9. Manual handling Hazardous manual handling is eliminated. Adequate space is provided for work or storage and trolleys are used to move items. The work area is between knee and shoulder height, and is close to the worker's body.

  10. First aid A first aid box is readily available and appropriately stocked. Qualified first aid staff are available and known to staff. Sufficient amenities are present for all staff.

  11. Asbestos All asbestos is correctly labelled and an asbestos register is prepared and up to date. Asbestos in poor condition has been removed by a licensed asbestos removalist.

  12. Machinery Safe access to machinery and equipment is provided. Moving parts cannot strike or reach people, and other hazards associated with machinery such as fumes, chemicals and noise have been assessed.

Health and Safety tips
For medium and large businesses

There are seven pillars of safety all medium and large employers should consider as part of a framework for ensuring ongoing, systematic and effective management of workplace health and safety matters. They are:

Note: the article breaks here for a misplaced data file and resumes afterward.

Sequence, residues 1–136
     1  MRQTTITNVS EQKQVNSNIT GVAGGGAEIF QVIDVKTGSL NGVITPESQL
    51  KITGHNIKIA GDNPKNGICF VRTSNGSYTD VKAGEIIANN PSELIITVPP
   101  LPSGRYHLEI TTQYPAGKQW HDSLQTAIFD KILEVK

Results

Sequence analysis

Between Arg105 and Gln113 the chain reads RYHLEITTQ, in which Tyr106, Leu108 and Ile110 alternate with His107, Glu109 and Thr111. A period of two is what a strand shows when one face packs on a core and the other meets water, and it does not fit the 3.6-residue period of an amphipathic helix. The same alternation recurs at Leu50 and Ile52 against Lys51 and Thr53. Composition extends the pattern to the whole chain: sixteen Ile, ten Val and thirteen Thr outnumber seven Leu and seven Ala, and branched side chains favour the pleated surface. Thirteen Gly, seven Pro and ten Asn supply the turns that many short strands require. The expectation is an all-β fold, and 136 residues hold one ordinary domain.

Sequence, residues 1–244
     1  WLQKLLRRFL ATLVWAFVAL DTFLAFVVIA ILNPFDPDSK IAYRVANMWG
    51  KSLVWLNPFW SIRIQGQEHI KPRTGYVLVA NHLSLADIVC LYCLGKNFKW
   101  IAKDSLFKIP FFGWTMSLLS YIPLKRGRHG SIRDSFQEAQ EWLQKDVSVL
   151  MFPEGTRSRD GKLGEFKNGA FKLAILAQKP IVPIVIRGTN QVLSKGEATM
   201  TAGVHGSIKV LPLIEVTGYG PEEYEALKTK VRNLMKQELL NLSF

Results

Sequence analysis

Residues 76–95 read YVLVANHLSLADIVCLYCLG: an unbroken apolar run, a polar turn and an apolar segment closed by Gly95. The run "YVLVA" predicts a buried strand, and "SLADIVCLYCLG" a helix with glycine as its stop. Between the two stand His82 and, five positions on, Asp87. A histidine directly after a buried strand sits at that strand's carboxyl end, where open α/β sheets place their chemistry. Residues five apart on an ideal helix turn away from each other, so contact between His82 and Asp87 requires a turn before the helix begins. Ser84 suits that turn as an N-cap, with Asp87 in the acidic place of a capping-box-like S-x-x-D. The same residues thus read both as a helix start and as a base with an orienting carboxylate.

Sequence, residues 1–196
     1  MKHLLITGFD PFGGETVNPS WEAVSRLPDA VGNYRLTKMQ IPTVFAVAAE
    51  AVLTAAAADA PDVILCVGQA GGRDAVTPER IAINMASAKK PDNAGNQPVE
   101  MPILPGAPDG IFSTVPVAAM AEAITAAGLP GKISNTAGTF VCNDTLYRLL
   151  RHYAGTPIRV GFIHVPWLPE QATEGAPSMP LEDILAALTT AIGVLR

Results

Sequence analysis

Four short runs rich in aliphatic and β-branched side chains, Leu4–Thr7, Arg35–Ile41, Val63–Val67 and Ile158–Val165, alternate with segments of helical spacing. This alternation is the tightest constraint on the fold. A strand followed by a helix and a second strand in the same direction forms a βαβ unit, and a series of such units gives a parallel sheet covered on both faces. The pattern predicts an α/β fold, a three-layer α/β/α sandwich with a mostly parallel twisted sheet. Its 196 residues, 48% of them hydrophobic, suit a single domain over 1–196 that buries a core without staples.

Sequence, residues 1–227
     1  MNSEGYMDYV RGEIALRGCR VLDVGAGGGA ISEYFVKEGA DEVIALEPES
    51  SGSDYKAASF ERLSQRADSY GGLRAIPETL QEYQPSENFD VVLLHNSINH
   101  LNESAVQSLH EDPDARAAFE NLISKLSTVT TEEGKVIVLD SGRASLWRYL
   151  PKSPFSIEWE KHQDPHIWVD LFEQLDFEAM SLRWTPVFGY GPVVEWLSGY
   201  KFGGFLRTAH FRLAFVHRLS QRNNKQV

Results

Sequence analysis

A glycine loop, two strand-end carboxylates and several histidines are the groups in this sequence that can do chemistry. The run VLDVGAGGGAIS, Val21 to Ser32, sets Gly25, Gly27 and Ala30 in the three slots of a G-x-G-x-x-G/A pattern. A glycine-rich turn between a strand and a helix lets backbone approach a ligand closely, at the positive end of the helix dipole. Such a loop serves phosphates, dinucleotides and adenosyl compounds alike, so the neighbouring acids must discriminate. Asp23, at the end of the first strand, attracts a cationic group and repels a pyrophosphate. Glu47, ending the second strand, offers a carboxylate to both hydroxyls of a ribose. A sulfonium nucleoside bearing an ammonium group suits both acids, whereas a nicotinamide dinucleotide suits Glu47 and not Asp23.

1. Senior management roles and accountability

    Clear top down responsibility and KPIs for OHS/Return to Work, supplemented with suitably qualified, professional advice.

  2. Strategic planning

    A commitment to health and safety (and assisting workers to return to the workplace after injury) are part of the organisation's business plan.

  3. Recording and reporting

    Health and safety and injury claims/premium performance data is recorded and reported at director level.

  4. Training and supervision

    Managers and supervisors understand their OHS role and responsibilities and potential impacts of poor performance.

  5. Consultation

    Regular, inclusive discussion with relevant staff on health and safety and return to work improvements.

  6. Hazard management

    Hazards are identified and risks controlled in a systematic way using the hierarchy of control.

  7. Injury management

    All relevant staff proactively involved and coordinated by a suitably appropriately senior and competent Return to Work Coordinator.

Mark Werman is managing director of Wentworth Advantage. For more information please contact Wentworth Advantage on 02 8448 3200

October 2011


Causeis - September 2020
Higher Logic - September 2020